No children were born of either marriage.
Waldo Phillips went to New York when a young man, and formed a
partnership with Judge Oliver H. Perry, of Woodstock, they engaging in the
grain, feed and produce business. During
the war of the Rebellion, they had a large business in government contracts,
furnishing forage to the government troops.
They continued in the business several years, when Mr. Phillips purchased
the business, and firm name of Phillips & Perry was changed to Waldo
Phillips, in which concern he continued alone several years more.
In all of his dealings he was very successful, and late in life he
returned to Woodstock Valley, where he spent his remaining days on a farm.
At his death he left a good estate, and during life was a very generous,
kind hearted man. Many instances of
his charity might be mentioned. He
supported the Advent Church of Woodstock Valley, and affiliated with the
Democratic party. All who had the
honor of his acquaintance, highly respected and loved this most estimable man.
Phillips, the fourth child of Edward Phillips, was born Nov. 3, 1822, in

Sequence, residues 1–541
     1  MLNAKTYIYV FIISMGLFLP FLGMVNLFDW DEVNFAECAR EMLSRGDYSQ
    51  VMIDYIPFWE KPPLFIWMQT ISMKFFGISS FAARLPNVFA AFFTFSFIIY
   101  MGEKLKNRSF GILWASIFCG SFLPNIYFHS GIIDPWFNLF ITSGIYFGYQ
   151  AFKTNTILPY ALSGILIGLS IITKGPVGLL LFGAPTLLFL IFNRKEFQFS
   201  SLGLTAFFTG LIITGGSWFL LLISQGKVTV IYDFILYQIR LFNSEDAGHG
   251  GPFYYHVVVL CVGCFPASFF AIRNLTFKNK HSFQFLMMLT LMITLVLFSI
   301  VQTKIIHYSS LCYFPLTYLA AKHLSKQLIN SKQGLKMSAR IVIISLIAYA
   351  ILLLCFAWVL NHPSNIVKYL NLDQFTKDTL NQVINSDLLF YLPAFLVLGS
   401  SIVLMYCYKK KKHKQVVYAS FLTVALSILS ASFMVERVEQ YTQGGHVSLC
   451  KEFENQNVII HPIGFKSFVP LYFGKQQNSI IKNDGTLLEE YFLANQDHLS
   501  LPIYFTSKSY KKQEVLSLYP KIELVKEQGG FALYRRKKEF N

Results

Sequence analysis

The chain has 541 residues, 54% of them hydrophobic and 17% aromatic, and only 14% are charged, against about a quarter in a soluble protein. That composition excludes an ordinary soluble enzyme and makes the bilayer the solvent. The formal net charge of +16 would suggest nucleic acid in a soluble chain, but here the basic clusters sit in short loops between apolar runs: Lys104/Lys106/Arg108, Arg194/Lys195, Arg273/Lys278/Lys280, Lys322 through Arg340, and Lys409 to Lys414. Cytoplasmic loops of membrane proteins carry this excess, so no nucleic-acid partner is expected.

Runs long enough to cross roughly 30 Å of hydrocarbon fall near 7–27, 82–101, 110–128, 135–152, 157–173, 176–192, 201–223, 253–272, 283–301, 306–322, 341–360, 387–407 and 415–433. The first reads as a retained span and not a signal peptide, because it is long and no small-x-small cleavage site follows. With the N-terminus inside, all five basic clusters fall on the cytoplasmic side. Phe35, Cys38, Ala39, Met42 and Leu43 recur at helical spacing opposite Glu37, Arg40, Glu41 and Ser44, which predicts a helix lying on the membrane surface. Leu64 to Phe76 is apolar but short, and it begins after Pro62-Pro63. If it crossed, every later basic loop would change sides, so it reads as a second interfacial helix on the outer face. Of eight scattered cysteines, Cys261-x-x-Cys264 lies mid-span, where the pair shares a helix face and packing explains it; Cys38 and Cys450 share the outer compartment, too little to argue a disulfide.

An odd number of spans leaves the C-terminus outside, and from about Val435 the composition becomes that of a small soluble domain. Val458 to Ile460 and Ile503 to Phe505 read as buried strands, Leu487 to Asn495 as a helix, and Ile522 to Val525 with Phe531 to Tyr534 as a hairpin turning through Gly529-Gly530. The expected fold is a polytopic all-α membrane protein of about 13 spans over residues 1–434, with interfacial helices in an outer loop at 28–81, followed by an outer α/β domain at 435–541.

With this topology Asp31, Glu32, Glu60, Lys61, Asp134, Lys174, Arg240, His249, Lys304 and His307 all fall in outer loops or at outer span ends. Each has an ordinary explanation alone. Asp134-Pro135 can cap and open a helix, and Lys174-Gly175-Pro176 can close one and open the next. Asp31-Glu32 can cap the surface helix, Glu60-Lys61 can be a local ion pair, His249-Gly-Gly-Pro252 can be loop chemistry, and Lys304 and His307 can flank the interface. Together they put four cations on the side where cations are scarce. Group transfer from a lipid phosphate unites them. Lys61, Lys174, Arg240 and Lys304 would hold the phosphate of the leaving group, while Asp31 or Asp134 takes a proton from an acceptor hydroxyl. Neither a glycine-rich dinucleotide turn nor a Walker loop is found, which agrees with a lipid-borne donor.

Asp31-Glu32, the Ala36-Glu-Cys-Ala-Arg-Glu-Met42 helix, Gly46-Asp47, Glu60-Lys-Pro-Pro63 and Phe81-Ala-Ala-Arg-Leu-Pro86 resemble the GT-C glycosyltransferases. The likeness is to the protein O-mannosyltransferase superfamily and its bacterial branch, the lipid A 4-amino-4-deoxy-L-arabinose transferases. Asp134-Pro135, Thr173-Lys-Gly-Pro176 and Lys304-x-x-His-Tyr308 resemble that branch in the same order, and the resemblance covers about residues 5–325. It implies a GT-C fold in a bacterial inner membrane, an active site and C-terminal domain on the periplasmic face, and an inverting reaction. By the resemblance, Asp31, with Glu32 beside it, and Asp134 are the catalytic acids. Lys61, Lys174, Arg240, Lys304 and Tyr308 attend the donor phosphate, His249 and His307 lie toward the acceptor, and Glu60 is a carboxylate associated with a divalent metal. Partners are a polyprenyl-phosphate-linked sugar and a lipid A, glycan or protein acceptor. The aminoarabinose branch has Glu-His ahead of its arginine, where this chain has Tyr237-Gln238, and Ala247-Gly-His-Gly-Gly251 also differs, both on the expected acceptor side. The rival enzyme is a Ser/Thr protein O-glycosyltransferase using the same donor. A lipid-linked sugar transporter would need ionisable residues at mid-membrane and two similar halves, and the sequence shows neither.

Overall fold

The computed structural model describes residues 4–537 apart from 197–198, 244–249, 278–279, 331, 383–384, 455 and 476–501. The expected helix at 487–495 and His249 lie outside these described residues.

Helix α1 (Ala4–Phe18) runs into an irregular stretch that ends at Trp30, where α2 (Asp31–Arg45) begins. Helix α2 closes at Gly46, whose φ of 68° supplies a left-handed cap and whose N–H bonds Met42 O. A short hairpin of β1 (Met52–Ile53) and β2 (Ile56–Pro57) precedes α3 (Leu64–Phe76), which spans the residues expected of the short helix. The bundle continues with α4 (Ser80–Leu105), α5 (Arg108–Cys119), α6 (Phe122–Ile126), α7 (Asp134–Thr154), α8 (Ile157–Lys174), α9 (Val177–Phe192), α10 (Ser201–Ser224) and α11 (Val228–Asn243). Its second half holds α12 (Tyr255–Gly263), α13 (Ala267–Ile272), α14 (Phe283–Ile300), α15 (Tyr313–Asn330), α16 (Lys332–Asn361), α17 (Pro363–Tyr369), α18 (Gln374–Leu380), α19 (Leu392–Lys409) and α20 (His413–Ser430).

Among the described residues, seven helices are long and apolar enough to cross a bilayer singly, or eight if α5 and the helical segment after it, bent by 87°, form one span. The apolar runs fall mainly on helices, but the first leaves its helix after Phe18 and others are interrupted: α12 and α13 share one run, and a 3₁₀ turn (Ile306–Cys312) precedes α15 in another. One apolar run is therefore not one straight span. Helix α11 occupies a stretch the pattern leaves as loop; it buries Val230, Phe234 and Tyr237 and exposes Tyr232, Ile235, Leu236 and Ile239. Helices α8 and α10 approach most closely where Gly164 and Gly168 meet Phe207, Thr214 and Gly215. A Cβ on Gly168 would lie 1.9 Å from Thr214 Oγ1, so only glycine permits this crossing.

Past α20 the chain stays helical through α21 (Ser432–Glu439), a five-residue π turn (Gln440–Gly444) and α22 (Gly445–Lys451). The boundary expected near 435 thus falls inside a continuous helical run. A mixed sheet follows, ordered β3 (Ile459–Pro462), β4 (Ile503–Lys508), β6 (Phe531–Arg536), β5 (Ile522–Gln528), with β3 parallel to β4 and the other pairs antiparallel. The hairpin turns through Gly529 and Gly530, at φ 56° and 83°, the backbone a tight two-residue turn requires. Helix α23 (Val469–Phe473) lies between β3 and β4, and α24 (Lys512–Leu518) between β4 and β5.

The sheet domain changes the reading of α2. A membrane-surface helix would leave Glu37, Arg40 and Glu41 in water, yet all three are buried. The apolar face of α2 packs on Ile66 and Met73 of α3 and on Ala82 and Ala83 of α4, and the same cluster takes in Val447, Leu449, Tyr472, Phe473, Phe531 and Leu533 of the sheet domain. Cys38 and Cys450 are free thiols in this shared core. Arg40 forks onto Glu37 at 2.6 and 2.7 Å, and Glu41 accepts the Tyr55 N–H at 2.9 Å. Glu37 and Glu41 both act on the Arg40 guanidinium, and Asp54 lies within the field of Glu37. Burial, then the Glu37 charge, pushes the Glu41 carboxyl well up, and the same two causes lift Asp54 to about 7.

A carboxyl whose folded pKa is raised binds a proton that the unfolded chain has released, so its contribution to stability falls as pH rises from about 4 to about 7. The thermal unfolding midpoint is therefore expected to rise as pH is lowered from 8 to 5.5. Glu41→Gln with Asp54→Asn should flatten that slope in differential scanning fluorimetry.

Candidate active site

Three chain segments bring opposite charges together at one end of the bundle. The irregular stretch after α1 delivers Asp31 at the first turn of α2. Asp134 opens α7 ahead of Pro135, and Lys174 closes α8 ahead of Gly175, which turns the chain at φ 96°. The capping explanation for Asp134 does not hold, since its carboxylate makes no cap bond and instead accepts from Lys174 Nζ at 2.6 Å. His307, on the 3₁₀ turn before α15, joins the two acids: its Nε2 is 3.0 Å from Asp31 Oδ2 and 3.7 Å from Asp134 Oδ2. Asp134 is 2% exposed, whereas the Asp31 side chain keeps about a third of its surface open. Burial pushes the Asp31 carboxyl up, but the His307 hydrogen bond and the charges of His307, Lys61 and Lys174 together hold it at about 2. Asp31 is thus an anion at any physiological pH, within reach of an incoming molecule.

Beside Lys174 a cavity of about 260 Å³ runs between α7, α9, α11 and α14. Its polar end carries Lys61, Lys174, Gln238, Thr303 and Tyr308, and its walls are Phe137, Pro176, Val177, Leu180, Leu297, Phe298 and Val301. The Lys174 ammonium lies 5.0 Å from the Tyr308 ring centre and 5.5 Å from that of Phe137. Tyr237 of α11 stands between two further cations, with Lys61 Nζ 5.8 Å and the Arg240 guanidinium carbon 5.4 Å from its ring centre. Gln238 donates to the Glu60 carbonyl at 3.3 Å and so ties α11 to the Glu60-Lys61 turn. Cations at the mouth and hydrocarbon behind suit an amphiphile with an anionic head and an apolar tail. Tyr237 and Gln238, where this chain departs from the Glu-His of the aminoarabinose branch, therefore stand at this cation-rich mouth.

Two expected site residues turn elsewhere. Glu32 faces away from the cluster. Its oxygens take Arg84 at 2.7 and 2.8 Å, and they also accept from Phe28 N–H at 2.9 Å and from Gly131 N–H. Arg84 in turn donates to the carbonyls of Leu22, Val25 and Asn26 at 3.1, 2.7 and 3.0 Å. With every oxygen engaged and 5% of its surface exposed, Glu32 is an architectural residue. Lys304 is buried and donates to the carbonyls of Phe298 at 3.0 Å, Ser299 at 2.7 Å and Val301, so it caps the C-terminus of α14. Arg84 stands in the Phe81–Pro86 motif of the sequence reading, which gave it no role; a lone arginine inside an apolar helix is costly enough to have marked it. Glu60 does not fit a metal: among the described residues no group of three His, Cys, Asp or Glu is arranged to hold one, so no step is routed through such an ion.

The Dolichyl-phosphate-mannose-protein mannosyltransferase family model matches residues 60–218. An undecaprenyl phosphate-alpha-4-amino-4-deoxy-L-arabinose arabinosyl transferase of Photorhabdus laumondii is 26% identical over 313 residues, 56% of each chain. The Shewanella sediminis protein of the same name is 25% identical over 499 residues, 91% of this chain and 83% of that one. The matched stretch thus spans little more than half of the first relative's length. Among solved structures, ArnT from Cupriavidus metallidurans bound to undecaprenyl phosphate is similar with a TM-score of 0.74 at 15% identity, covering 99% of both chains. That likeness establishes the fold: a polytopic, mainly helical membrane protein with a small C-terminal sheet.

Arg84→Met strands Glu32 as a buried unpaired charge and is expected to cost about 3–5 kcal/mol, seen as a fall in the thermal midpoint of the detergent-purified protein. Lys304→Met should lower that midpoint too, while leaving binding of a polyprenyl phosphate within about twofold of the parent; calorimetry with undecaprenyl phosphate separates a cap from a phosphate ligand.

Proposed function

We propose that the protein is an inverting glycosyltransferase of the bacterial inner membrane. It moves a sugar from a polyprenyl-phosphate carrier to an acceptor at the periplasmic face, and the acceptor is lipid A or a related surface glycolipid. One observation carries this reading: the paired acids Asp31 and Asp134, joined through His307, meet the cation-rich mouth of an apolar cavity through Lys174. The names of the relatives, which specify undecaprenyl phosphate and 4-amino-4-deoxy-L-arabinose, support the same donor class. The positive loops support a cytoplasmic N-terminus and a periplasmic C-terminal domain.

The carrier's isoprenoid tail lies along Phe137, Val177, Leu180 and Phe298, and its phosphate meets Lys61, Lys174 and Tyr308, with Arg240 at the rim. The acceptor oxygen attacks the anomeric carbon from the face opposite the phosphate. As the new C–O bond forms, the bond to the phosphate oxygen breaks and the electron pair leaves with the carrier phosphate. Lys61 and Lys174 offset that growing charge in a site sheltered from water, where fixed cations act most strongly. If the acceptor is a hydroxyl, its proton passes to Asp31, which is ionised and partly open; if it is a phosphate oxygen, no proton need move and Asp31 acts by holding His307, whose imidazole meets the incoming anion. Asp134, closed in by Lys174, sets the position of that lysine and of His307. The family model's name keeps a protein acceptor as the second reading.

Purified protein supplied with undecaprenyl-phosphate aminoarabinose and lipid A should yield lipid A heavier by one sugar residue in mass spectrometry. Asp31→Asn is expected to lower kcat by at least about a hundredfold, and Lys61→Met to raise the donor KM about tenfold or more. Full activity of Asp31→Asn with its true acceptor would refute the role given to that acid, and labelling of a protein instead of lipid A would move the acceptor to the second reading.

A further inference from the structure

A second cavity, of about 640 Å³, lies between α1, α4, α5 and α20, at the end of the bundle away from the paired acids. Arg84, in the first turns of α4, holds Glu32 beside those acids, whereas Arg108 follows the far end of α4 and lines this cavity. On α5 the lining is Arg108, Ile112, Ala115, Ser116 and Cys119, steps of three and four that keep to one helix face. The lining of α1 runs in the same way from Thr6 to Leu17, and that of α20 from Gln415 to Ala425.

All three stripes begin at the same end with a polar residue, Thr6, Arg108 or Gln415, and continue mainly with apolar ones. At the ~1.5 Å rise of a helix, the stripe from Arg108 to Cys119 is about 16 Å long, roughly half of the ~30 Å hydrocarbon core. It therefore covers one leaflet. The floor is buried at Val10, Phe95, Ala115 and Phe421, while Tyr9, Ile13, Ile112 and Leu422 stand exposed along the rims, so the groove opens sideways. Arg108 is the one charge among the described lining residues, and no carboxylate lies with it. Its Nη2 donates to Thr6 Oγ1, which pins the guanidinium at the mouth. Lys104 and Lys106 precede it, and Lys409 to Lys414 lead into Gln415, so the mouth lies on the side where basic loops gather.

Woodstock, and died in Putnam, Conn. She
married John Otis Fox, Sr., of Putnam.
Lyon Phillips, fifth child of Edward Phillips, was born April 12, 1824, in
Woodstock, and in early in life was a shoemaker, but later became a fireman on
the railroad between Worcester and Providence, continuing at same for
thirty-five years, after which he retired, and is now engaged in farming in
Woodstock. His first wife was Mary
Wilkinson, of Woodstock, by whom he had one daughter, Mary, now the wife of
David Aldrich, one of Woodstock's leading and most successful agriculturists.
His second wife was Minnie Cobb, of Worcester, who died July 9, 1874,
aged thirty-three years, leaving one daughter, Ethel, who married Frank Lentz,
of Reading, Mass. His third wife was
Miss Underwood, of Woodstock, and there was no issue of this union.
EDWARD PHILLIPS, the sixth and
youngest child of Edward Phillips, born Aug. 31, 1836, in Woodstock, married
Laura Maria Davis, who died June 1, 1898, aged fifty-eight years.
She was the daughter of John and Mary Davis, of Woodstock.
Their children were: Mary,
unmarried, now resides in Woodstock Valley;
Alma, married Everett Colvin, of Danielson, and has three children;
Emma is now Mrs. Bloodgood, and lives in Glasgo, Conn.
Henry E. Phillips was in New York for several years, associated with his
brother, Waldo, in the grain and feed business, but is now living retired in